SELANGOR: Malaysian opposition leaders are crying sabotage after a river was contaminated with an ether-based chemical, disrupting water supply to about 1.8 million people.
Selangor state officials said water supply has been restored as of Monday (Oct 31), after authorities scrambled to deal with the octabromodiphenyl ether in the Sungai Semenyih river.
Octabromodiphenyl ether is a flame retardant chemical. "It has a smell and in high doses, can be lethal to fish and even to humans," Selangor's Disaster Management Unit's chief Ahmad Fairuz Mohd Yusof told Channel NewsAsia.
Although the amount of chemical in the river is not lethal, a smell remains.
"So basically the contaminant can be removed by the water treatment facility, but the odour needs to be removed," Mr Ahmad said.
20 tonnes of activated carbon have been put into the river to absorb the contaminant. (Photo: Sumisha Naidu)
The chemical had spread to Sungai Semenyih - which helps provide water to 330,000 households in the opposition-held state - through Sungai Buah, a river that flows from the ruling coalition-controlled Negeri Sembilan.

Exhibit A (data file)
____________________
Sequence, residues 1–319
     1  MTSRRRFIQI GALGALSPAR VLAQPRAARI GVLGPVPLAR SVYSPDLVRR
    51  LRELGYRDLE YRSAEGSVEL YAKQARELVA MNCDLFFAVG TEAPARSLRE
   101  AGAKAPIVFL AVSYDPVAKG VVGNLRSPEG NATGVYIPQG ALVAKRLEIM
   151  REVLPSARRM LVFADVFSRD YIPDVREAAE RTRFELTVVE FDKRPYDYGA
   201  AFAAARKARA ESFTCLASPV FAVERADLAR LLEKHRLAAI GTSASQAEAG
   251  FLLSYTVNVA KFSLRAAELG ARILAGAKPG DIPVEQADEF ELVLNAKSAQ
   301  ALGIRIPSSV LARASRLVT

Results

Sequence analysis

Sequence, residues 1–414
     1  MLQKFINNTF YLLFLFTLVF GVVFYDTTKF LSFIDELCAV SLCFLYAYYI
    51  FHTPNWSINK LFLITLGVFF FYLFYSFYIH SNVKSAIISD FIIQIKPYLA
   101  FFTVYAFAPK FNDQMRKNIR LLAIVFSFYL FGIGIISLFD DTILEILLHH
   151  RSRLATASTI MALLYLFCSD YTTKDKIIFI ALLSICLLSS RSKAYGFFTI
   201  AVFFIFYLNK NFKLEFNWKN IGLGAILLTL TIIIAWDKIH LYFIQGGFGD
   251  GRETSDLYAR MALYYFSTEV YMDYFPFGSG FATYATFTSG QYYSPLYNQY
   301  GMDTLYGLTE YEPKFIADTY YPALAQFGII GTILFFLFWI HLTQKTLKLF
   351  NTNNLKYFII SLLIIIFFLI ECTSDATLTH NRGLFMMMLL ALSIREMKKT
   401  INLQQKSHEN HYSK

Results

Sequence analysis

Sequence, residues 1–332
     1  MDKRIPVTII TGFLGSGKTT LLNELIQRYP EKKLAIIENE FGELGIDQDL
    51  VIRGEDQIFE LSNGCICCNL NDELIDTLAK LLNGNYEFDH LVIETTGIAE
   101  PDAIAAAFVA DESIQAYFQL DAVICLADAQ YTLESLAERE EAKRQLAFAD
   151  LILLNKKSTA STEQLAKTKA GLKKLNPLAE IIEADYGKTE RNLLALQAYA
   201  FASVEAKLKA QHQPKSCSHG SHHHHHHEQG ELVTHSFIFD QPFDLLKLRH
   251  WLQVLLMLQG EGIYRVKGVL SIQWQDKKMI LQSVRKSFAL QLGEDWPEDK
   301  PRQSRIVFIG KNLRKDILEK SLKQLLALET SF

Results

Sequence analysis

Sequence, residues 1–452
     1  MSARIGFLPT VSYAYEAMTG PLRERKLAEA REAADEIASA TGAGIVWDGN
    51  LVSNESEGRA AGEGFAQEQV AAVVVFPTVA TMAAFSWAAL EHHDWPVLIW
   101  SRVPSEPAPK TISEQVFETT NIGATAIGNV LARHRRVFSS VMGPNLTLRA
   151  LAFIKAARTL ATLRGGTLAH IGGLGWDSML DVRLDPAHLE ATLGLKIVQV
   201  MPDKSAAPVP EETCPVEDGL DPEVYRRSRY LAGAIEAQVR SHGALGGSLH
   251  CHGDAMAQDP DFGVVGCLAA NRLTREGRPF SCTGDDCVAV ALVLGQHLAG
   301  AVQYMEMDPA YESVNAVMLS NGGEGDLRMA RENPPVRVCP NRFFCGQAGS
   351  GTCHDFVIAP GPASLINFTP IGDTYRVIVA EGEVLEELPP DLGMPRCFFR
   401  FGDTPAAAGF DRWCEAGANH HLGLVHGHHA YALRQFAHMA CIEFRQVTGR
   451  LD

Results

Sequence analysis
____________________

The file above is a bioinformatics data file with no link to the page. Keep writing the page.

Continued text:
Opposition figures, including Democratic Action Party assemblywoman Hannah Yeoh, have shared posters alleging this was an act of sabotage.
The Selangor Water Management Board has also lodged a police report in connection with these claims.
However, the Negeri Sembilan and federal governments have denied claims of sabotage, promising a thorough investigation.
These are "serious allegations," said Transport Minister Liow Tiong Lai, who is also president of Barisan Nasional's (BN) component party the Malaysian Chinese Association (MCA). He wants the BN government to take legal action against the opposition.
"We can't allow these issues to be played up politically. We will take legal action against them because they tried to deceive the people through rhetoric," he said.
As for the affected residents, including car wash owner Mohd Azhar Aziz, they just want a quick resolution to the problem so that it does not happen again.
Even though supplies have been restored, Mohd Azhar said the water in his home is still discoloured and frothy.
"I'm not the only one who says it. Even my neighbours say that when you turn on the taps, water comes out with fine white bubbles - that's why we're scared to drink it," he told Channel NewsAsia.
"I don't want to talk about politics because I'll get slammed. I just want to say: Take care of your citizens."